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Essential Information on an Essential Issue
19 May, 1997
ECO-TAX REFORM -- Job Creation by Going Green
- NEW EMPLOYMENT STALLED
Official unemployment has risen 0.5% to 6.4% in the March quarter, and is the highest in
two years. The number of people in jobs is down by 2,000 or 0.1%, continuing the stall in job
creation over the last six months. In this issue of the Jobs Letter, we feature our regular review of
the employment statistics. Some highlights:
The number of long-term unemployed (over six months) the prime focus of government
policies has risen by 2,700 in the year to March to a new total of 39,400.
The Maori unemployment rate has risen by 1% to 16.2%, while Pacific Island unemployment
has risen by 2% to 16.9%.
For the first time in recent years, the 6.7% female unemployment rate is higher than the 6.2%
rate for men.
The unemployment register at NZES rose by 3.4% or 5,130 people in the month of April
to 157,841 people.
- ECONOMY SLOWING SAY MANUFACTURERS
Rising unemployment figures are confirming that the economy is slowing, according to the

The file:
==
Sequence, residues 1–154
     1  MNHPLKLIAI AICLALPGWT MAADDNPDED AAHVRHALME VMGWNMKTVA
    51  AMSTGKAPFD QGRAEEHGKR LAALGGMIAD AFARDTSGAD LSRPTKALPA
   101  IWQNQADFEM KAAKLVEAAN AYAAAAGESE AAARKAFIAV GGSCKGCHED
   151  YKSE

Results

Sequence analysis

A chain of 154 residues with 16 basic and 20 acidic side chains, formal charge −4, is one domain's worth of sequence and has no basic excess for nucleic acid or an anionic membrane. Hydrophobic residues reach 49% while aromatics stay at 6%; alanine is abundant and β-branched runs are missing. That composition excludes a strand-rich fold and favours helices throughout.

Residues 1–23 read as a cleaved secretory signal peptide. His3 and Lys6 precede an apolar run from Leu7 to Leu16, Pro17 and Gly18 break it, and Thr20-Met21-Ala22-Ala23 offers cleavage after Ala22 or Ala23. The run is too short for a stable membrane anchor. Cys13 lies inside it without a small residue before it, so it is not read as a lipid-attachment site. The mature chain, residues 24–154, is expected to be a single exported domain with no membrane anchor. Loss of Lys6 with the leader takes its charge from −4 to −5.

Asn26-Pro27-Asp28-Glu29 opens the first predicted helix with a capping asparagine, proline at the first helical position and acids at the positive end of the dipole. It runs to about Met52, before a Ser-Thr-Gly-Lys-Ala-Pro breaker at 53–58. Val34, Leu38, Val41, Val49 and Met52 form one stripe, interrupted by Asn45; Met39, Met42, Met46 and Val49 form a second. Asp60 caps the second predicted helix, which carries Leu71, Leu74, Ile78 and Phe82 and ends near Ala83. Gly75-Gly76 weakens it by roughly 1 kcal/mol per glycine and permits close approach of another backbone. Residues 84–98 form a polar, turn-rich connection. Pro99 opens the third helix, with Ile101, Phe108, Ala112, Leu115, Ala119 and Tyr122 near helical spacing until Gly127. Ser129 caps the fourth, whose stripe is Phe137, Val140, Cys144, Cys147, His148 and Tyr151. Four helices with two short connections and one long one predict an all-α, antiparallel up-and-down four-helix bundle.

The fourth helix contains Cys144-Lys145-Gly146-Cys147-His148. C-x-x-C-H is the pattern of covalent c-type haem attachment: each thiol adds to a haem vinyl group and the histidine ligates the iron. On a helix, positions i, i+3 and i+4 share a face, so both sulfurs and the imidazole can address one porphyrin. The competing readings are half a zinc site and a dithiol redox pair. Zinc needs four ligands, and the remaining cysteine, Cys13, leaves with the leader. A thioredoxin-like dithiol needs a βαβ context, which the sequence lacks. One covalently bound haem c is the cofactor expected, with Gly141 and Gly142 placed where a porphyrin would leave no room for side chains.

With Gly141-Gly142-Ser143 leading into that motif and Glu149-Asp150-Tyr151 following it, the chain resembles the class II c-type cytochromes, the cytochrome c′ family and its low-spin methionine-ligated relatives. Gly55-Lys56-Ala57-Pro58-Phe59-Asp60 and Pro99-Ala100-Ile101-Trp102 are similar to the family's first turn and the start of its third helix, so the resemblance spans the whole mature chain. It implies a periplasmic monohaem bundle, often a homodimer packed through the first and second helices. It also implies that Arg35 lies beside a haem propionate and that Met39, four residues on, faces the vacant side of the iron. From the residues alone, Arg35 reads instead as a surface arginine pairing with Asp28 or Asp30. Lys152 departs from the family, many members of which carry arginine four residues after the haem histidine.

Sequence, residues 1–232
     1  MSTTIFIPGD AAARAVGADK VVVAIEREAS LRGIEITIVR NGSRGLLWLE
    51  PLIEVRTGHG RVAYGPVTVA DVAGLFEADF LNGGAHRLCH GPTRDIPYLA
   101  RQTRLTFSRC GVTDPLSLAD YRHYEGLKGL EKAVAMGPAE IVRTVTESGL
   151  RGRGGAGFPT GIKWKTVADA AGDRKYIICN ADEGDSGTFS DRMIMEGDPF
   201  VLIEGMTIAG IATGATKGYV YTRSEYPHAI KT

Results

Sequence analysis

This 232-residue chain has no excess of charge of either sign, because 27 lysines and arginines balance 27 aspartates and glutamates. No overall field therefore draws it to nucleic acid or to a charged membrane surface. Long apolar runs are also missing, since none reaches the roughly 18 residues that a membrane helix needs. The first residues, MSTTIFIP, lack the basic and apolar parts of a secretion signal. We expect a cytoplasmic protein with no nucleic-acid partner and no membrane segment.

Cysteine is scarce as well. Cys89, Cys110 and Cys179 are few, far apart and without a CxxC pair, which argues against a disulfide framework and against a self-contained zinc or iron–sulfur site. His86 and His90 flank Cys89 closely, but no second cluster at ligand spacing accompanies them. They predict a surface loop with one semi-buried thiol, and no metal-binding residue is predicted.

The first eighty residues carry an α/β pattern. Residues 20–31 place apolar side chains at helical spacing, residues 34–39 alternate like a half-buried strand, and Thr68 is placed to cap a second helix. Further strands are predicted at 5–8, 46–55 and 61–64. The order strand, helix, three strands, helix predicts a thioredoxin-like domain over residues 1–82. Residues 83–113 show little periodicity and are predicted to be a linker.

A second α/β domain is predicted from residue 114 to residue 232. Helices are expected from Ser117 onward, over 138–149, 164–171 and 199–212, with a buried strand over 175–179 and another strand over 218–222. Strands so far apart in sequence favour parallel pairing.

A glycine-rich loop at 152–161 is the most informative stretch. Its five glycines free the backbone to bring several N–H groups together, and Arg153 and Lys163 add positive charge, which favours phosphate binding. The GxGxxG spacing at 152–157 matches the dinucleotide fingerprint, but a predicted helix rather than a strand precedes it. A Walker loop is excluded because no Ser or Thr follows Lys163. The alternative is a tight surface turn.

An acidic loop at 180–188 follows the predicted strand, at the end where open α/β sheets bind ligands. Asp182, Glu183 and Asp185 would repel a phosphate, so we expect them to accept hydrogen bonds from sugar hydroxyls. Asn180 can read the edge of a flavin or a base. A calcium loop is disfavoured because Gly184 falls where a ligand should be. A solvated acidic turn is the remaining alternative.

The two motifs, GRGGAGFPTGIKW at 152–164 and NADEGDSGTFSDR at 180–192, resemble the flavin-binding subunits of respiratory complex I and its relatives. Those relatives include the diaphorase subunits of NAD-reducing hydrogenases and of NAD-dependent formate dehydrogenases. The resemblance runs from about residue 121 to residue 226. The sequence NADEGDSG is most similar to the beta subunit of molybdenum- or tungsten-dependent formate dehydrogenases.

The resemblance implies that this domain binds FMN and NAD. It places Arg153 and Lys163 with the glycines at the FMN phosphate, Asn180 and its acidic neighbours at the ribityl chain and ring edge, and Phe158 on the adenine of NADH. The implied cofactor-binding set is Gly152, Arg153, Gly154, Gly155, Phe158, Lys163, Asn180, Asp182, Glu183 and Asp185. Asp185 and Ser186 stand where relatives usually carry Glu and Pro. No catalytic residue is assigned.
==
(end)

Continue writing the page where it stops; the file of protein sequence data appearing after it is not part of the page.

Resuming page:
chief executive of the Christchurch Manufacturers' Assoc. Michael Hannah. He says that while
the lowering of short-term interest rates are welcomed, the longer-term picture does not look
so appealing. He points to a `lag' between employment changes in the service sector following
an earlier drop in incomes in the producer sector. Hannah: "We are aware that local
service-industry redundancies, affecting telecommunications, banking, insurance, and shipping are yet to feed
into the unemployment figures ..."
Hannah says the latest rise in unemployment highlights the difficulties faced by manufacturers
and others exposed to the "lethal cocktail" of a high dollar and high domestic costs. He says that
most of the rise in unemployment rate was due to a drop in jobs in manufacturing and agriculture,
the very sectors most exposed to the exchange rate.
The stats: Employment in manufacturing is down by 3.7% or 10,900 people in the year to
Mar 97. Employment in agriculture, hunting, fishing and forestry is down by 16,700 people, or 10%.
- FEWER JOBS GOOD NEWS FOR THE MARKETS
The downturn in job creation is seen to be "good news" for the financial markets. Almost
immediately on the announcement of the employment statistics, residential home mortgage rates
were cut, share prices rose, and the currency dropped. Bankers Trust says in its commentary on
the jobs data that it was "unambiguously" good news for the inflation outlook. According to
the financial sector, the weaker the jobs statistics, the less risk there is to inflation, and so the